Wednesday, March 22, 2006

A Woe

Most of these reminiscences have been humorous, and there is plenty more of that to come. But not everything lying around in this basement is safe. There are places down here where children shan’t play. Where rusted edges jut, splintered corners lean, dank pools form and shadows seep. Why, oh why would I direct your attention to one of these areas?

Because there is a line we must walk, you and I.

Whether you think the stories I have shared so far are funny or not you must sense by now that I think they are hysterical. Know then that if my perspective were just a bit different each one of these events could have been tragedies. Each tale could have been a brick in a fortress of bitterness, shame and anger; each instance an exhibit in a court where I plead my life’s unfairness. If that were the case I should be such a person as would have no joy, worrying slights and turning them over in my hands as Gollum did the one ring. Happily that is not the case. My life has been unfair only in that I was given joy instead of the anguish that I deserved, mercy instead of justice. And so though it is cliché, the ability to laugh at one’s self truly must be retained. Herein lies one side of the line: the temptation to take every slight personal. It leads to an obsessive unhappy state. Celebrating your own indignities is a great way to keep the sense of proportion that we call humor.

The other temptation is the reason I bring you this tale today. The opposite temptation is to take nothing seriously. The reason it is tempting is because it seems like a way to escape pain. The person who laughs heartily at hard calamity is less human than the one who fixes their gaze unwaveringly on their own accumulated sufferings. Humor truly needs a sense of proportion, the ability to wave off the trifling against knowledge of the truly dreadful.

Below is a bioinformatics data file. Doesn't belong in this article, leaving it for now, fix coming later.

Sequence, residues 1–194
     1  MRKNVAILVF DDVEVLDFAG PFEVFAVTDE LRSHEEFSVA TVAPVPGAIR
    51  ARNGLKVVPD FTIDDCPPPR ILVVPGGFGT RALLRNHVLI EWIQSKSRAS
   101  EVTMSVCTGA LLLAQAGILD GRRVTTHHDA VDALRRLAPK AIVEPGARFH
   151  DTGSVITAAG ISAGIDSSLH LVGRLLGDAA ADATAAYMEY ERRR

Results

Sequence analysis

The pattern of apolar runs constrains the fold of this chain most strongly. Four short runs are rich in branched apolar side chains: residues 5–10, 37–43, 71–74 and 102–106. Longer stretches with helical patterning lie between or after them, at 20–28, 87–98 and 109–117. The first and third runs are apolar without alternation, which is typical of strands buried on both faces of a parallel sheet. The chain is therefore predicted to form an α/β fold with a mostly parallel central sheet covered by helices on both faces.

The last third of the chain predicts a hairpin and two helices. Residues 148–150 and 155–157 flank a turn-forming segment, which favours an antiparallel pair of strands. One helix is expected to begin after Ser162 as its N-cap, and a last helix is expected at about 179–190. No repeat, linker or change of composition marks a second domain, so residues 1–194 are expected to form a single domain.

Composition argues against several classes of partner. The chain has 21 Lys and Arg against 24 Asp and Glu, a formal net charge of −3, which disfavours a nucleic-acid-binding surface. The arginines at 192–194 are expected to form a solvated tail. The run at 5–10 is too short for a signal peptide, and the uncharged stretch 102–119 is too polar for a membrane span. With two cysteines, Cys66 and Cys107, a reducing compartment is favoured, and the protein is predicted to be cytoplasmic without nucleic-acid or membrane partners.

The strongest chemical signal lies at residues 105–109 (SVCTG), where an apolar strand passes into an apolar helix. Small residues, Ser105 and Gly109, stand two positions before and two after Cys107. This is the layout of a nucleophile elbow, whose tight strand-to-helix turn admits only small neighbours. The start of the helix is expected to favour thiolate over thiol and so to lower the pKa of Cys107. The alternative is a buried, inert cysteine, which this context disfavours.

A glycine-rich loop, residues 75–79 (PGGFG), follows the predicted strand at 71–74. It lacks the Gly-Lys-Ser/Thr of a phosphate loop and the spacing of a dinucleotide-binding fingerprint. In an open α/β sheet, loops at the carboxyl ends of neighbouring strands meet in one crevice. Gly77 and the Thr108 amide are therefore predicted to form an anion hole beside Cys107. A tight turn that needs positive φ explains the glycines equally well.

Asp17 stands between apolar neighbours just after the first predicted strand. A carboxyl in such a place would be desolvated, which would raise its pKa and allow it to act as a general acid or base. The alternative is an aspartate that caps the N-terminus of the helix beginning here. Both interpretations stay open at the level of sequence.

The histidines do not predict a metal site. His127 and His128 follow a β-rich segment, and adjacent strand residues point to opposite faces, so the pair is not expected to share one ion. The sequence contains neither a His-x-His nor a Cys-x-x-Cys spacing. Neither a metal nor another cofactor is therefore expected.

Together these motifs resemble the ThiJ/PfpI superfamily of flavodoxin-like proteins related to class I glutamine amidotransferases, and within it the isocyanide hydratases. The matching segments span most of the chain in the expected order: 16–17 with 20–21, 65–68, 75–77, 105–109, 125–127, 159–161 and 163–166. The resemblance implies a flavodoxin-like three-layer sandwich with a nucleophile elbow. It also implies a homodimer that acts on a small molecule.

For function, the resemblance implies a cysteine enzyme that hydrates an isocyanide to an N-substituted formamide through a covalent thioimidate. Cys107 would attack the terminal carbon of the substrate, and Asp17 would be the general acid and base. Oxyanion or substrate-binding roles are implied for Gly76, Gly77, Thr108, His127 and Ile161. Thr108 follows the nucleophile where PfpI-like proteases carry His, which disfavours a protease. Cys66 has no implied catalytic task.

And so, I burden you with this woe. Please note that like the light stories before it, it could be told in a comedic manner. But I like knowing that you would feel the same unease in its inappropriate manner that you would if I attempted elicit sympathy from my funny stories as if they were horrors. Laugh at what is funny, cry at what is sad and keep walking that line.

My second senior year at college I moved into a freshman dorm with three other upperclassmen. (It’s okay to laugh at that part) The other guys were in Inter Varsity Christian Fellowship with me and two of them were the presidents of the two halves of our chapter. For this reason we referred to our rooms as the Presidential Suite. On a happier day I will tell you of a horrible embarrassment I suffered in the bathroom between the two rooms. The other non-president resident was my good friend Joshua. Josh lead a small group Bible study in the lounge one night a week and I helped out. There was a really good turnout as we had posted flyers and personally visited the dorm rooms of the students who were good enough to fill out a card indicating interest at Bronco Bash. Among those attending was a short, pretty Japanese girl named Akiko. As Providence would have it Jason, one of the Presidents, was also in the Bible study and was pretty fluent in Japanese having spent some of his schooling abroad. He was able to communicate with Akiko when the language barrier got above knee height, but Akiko had pretty good English.

Her prayer requests often focused on dealing with depression. She had recently converted to Catholicism and was excited to take part in the study of God’s word. One night Jason got a call from Akiko. I was the only other roommate there and he indicated that Akiko might be in trouble. I put my shoes on and we went down the elevator and to her room. When we got there she was sitting on the floor by her bed. Another Japanese transfer student was with her and he had put a large shirt on her. He looked worried. She brightened when we came in the room but she looked really out of it. She started talking to Jason and tried to pull the left sleeve of that big shirt up on her arm, but the guy (his name might have been Kenji or Kenshi) tried to prevent her. I saw blood on the inside of the cuff. She told Kenji/Kenshi that we could be trusted and took off that big shirt. There was blood on her dress from her arm. Her arm looked like it had been chipped. It reminded me of the big turning spit they use to make gyros at a Greek restaurant, only it was red and white instead of gray.